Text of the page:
The first volume of “Wonder Woman” by writer Brian Azzarello and artists Cliff Chiang and Tony Akins was one of the best surprises of the “New 52.” Azzarello is a writer who rarely aims to give readers what they want and usually shoots for trying to give us something that we didn’t know we needed. Making “Wonder Woman” into a modern-day saga of the Greek Gods and eschewing a lot of the trappings of the superhero genre turned out to be exactly what we, and the character, needed. That continues here in “Wonder Woman vol. 2: Guts” as the title character, Hermes and Lennox prepare to descend into Hades to rescue Zola who is still pregnant with Zeus’ child.
Of course, that’s only the start of the events in this volume as the journey to the underworld leads to a shotgun wedding and a subsequent intervention by Apollo with Hera still scheming in the background. There’s a lot going on here and Azzarello makes sure events have space to breathe while keeping things moving along at a steady clip and showing off plenty of his signature wordplay. Chiang and Akins also keep things looking great, and while the former may be the star of the show with his effortlessly clean and stylish work, the latter also shows that he can hold his own with some imaginative vistas of Hades and Aphrodite’s “nude” scene. It all ends with the re-introduction of a notable concept from the old DCU that fits in seamlessly here. What else can I say? This is easily one of the best titles the company has running right now.
“Animal Man vol. 2: Animal vs. Man” doesn’t quite hit those heights, but it continues to be compellingly weird and creepy in its own way as the war between the Rot and the Red heats up. With Buddy Baker and his family now on the run, their goal is to join up with the avatar of the Green, Swamp Thing, so that the counterattack can finally begin. That’s not going to be easy when the Rot can infect all decaying matter and has an army of zombie animals at its beck and call. There’s also the occasional human too as Buddy finds out firsthand. Steve Pugh provides the art for the majority of the book and does a great job with all of the weirdness coming from these realms and while the other artists are decent, they do foster a sense of artistic chaos that does yank you out of the narrative when the styles change.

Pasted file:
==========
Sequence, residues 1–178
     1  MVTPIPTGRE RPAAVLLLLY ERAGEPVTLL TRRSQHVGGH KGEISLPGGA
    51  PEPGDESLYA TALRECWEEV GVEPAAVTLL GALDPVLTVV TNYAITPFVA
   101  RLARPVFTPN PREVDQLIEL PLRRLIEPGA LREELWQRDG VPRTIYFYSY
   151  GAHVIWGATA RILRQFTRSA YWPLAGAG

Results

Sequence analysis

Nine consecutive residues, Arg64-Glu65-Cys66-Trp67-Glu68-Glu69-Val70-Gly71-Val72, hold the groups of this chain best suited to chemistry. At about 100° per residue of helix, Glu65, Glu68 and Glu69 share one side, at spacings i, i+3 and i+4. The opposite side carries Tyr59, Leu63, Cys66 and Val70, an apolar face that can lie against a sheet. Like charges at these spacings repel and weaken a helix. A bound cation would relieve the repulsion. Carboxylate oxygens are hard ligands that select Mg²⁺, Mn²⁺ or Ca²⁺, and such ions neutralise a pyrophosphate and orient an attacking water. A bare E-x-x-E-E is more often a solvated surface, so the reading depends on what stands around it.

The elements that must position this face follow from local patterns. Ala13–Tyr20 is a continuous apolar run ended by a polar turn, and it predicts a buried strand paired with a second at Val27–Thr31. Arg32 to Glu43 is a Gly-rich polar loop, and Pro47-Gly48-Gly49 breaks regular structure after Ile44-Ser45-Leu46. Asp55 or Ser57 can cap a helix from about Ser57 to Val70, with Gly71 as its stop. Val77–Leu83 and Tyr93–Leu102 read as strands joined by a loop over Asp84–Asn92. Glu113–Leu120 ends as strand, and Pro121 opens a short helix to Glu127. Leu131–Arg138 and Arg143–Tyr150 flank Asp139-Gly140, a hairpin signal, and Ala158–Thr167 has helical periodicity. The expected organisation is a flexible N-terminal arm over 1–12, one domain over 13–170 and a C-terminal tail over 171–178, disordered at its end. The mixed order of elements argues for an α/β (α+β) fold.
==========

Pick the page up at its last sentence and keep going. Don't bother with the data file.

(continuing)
It’s still writer Jeff Lemire’s show, though, and he manages the task of getting us to care about Buddy and his family no matter how bizarre the circumstances get. That they involve flying dog warriors helping our hero out as he battles a sea of rotlings in a floating mass of flesh in the sea should be a pretty good example of that. However, there’s still plenty of family drama to balance this out, and it winds up being more engaging than off-putting as the character’s concerns really do feel like they stem from their circumstances than as a means to generate artificial drama. Fans of Grant Morrison’s definitive run will also notice parts of it being acknowledged and repurposed for use here. Rather than a reminder of better times, these nods come off as a fitting tribute to the writer who gave Animal Man the freedom to be weird from the latest writer to push that advantage to its fullest.